Dr Patrick Bowler on Developments in Botulinum Toxin

The medical community is currently awaiting the industry’s biggest review of cosmetic surgery legislation. Professor Sir Bruce Keogh, the NHS Medical Director, is expected to give his report, commissioned in response to a request from the Prime Minister, to the Health Secretary this month. Dr Patrick Bowler qualified in 1974 at the Royal London Hospital and is a pioneer of non-surgical cosmetic treatments with over 20 years experience. He is the medical director of Courthouse Clinics and is a founder member and Fellow of the British College of Aesthetic Medicine (formerly the British Association of Cosmetic Doctors). He is also a member of the Society for Laser Medicine and Surgery and sits on the advisory board or Treatments You Can Trust.
He is the author of The Nervous Girl’s Guide to Nip & Tuck and his opinion on the aesthetic industry is highly respected; he is frequently quoted in the media and on TV.

Pressure is mounting for new laws that ban non- medics from giving injectable treatments, and Keogh
is working with experts from the fields of cosmetic and plastic surgery to ensure optimum safety for patients. Existing legislation for things like heart valves and replacement joints is being held up as an example of the kinds of regulations the industry needs. Key areas for consideration include Botox® and dermal fillers, which currently can be executed by high street beauty salons.

As it stands now, beauticians with no formal medical training can legally administer Botox®. The lax legislation on the neurotoxin has seen a rise in its unrestricted use at “Botox® parties”, and in turn a spate of negative press because of the ensuing undesired results and improper aftercare that working with an unregistered technician can result in.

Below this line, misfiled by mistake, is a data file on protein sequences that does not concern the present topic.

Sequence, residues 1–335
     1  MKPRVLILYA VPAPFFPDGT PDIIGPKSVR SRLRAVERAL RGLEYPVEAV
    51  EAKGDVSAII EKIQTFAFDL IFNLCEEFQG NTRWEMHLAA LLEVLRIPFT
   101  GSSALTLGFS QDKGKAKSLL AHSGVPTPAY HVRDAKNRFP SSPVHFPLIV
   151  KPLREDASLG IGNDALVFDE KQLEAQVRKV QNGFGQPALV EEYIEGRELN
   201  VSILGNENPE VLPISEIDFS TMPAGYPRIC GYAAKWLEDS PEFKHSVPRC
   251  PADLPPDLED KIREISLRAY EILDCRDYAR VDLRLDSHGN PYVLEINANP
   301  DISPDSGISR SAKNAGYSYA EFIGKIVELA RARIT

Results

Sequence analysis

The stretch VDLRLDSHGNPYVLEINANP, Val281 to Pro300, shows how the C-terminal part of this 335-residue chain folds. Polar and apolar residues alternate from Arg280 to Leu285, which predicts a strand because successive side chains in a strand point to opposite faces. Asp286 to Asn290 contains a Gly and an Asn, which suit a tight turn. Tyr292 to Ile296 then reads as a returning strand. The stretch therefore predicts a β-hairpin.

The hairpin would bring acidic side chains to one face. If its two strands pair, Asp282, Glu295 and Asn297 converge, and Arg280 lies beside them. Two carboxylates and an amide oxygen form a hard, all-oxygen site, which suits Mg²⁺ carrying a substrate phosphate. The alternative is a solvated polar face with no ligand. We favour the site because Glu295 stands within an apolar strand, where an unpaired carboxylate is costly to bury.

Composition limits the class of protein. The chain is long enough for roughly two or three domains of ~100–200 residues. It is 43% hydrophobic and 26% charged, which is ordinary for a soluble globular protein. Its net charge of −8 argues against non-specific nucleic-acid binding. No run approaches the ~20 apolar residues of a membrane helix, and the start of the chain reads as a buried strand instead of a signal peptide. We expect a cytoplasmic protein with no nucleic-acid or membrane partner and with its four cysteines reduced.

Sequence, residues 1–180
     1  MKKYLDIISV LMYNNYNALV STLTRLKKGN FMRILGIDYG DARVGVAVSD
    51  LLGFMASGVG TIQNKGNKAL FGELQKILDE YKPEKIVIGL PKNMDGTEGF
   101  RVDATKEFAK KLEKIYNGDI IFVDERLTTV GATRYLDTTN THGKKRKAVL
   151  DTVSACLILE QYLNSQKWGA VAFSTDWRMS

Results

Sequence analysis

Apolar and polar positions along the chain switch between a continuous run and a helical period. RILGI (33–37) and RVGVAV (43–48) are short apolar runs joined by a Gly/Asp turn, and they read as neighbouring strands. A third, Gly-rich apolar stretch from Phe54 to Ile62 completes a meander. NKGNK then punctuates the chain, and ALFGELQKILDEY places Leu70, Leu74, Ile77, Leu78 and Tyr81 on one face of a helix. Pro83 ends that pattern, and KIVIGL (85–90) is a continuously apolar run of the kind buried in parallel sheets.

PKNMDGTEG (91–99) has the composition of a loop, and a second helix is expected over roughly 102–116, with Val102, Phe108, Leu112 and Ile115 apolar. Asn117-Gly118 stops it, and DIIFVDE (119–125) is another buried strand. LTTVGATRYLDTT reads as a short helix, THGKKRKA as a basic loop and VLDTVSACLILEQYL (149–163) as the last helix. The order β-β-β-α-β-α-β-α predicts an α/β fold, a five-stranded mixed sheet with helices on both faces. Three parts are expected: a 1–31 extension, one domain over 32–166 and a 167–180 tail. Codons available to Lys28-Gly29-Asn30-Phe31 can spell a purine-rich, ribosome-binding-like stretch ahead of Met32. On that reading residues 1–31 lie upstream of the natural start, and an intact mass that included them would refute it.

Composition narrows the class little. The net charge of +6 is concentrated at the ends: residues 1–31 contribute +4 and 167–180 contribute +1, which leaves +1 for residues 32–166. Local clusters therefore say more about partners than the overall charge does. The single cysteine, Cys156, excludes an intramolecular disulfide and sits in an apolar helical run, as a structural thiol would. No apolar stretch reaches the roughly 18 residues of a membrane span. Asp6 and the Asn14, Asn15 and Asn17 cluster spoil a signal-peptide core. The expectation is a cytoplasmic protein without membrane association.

The Royal College of Surgeons has called the
ethics of companies who offer these parties “wholly incompatible” with professional standards. With beauty salons, at-home parties and rough discount traders, often there is no on-site medical practitioner who patients can return to or contact should questions
or problems arise. The procedures, when done in questionable circumstances like these, don’t ensure the levels of safety patients deserve.Nowhere else
in Europe tolerates this and the RCS recognises the urgency for change. President of the organisation, Prof Norma Williams, said: “We have serious concerns that not all who offer cosmetic procedures are adequately qualified, or that patients are getting accurate information prior to treatment.”

It is being encouraged that all patients for any kind
of cosmetic treatment must undergo a psychological assessment before surgery, as well as be taught
how to select the best clinic, treatment and doctor for themselves, irrespective of price. With cosmetic surgery it is absolutely an issue of quality.

Efforts are in an attempt to quash the perceived value of surgery. The BBC last month published figures that reveal only half of those considering surgery take into consideration the qualifications of their doctor. The BBC also report that of the 1,762 people ComRes interviewed, many considered the cost of the surgery to be more important than qualification or aftercare. It’s staggering, really.

Consensus amongst professionals is that only those with recognised qualifications and training should carry out procedures, in a registered clinic, with correct equipment and resources to deal with emergencies or unplanned circumstance. Measures must also be taken to limit “discount surgery”, with schemes like social vouchers, or time-limited discounts that encourage impulsive buying over considered decisions.

Steve Cannon, chairman of the working party and
 RCS council member concludes: “With the demand
for cosmetic surgery and non-surgical treatments
rising year on year, it is crucial that the highest level of professionalism is maintained amongst practitioners.” The entire cosmetic surgery community is awaiting the verdict on the future of our industry- and patient welfare- with breath that is baited.